(Please add links to the above credits)
One of the advantages Marvel and DC have over the smaller presses is the “shared universe” concept, where most or all of its properties coexist in the same world. Let’s face it, this is a marketing gimmick that works. A central book like Civil War II has a cascading effect on every other title the publisher has, giving readers that much more of an excuse to purchase X-Men if it’s reflecting the same overarching story that’s in Spider-Man. Outside of Marvel and DC, the publishers tend to be very disparate, so it’s not like Dark Horse’s Aliens are just going to show up in Buffy the Vampire Slayer in the same casual way that the Hulk can appear in an issue of Captain America.
IDW now has publishing rights to six of Hasbro’s major toy properties: Transformers, G.I.Joe, Action Man, Rom, Mask, and Micronauts. (Or seven if you count My Little Pony, but the company hasn’t found reason to officially get those characters involved yet.) A Transformers/G.I.Joe crossover is nothing new, and IDW just published the third or fourth version of that mashup. Revolution takes that concept a step further by mixing in those three other properties into one gigantic, toy-riffic mashup which now resembles the bedroom of a 1980s schoolkid. Furthermore, IDW is making this the official status quo: while the previous Transformers/G.I.Joe crossover was “out of continuity,” Revolution is firmly cemented in the stories of IDW’s main publishing lineup.
The story is easy enough to get into despite being weighted into the current Transformers storyline. The Cybertronians have established their home on Earth, with Optimus Prime making a well-intentioned effort to bring Earth into the galactic community. Some unknown force is disrupting the Transformer’s source of energon, causing a mass disaster for which they’re taking the blame. Enter G.I. Joe, who’s assumed that the Transformers are hostile and is determined to stop them at any cost. Things are made worse when Rom appears and seemingly kills several Joes, and being a robotic being, it’s assumed he’s another Cybertronian.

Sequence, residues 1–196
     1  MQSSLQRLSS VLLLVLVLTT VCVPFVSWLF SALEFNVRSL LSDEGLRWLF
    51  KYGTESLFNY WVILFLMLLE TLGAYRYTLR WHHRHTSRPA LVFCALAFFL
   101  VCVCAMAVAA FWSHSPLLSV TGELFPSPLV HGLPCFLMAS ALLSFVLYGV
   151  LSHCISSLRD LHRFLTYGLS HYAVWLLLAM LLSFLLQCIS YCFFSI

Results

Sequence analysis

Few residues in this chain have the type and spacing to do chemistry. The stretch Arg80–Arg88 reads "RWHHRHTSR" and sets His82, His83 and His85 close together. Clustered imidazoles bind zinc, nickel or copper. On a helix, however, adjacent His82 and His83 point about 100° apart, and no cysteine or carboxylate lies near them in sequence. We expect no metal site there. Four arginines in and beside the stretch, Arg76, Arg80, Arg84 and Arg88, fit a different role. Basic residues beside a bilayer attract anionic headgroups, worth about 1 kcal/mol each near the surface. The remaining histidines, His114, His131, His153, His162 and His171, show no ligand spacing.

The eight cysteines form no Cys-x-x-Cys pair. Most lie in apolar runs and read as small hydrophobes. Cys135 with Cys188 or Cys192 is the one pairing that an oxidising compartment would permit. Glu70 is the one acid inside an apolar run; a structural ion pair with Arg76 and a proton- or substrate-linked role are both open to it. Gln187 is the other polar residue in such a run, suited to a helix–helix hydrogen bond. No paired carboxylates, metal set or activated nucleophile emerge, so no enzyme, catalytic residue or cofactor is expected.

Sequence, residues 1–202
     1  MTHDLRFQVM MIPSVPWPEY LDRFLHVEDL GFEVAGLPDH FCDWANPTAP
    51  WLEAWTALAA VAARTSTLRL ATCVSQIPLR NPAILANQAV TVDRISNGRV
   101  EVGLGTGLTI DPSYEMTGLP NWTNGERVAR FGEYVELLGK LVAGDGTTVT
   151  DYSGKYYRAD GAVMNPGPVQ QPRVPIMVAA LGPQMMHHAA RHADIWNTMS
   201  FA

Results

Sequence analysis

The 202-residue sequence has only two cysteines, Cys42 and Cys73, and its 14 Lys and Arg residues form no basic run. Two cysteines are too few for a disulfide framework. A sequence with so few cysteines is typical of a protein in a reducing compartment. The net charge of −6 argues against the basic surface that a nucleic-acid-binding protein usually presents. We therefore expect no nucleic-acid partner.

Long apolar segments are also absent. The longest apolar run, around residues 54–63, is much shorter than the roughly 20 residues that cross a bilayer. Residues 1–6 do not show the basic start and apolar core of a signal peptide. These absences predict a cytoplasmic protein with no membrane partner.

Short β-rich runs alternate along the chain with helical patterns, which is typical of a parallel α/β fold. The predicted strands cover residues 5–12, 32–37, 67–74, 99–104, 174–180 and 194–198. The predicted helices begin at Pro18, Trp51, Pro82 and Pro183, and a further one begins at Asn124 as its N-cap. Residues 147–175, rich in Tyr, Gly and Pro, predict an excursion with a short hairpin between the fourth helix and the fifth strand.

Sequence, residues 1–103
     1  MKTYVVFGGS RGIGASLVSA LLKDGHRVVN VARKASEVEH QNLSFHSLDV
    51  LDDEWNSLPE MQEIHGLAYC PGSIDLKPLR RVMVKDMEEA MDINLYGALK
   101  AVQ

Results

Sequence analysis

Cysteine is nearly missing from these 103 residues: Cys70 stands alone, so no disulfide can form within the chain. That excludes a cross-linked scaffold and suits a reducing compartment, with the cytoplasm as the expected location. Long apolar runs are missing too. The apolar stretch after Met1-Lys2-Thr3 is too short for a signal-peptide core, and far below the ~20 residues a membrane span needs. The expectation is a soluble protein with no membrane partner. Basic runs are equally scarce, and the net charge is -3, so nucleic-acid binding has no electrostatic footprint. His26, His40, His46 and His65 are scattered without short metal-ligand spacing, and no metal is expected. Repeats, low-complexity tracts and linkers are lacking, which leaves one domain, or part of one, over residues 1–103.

Revolution is grand fun, as the concept of seeing Joes fight Transformers never gets old even if it’s been done many times before. Ossio’s art sets the right tone, pitting huge Transformers against tiny Joes, yet never allowing the robots to dominate the camera. This book is good eye candy and is worth the price of admission just for that.
Revolution does suffer from two weaknesses. One, despite the fun of the robot/Joe battle, this kind of thing has been done before. To the new reader, it may feel fresh, but the concept of “heroes fight and later team up” goes way back to Superman/Spider-Man if not earlier, and we know how this plays out. Indeed, the Joes are a little over-militarized, out to kill the Transformers despite their open refusal to return fire. Second, despite this being a five-way crossover, Revolution‘s first chapter really is limited to a Transformers/Joes story. Rom and Action Man’s involvement is limited to quick cameos, the Mask connection is only made in a republished backup story, and there’s no sign of the Micronauts. It’s likely that the connections will strengthen as the story progresses, but for now, it’s not quite what it’s advertised to be.
Still, Revolution is good fun and will be the crossover to watch in the coming months. Check it out if you need a break from Civil War and Rebirth.
Rating: Four gratuitous battles out of five.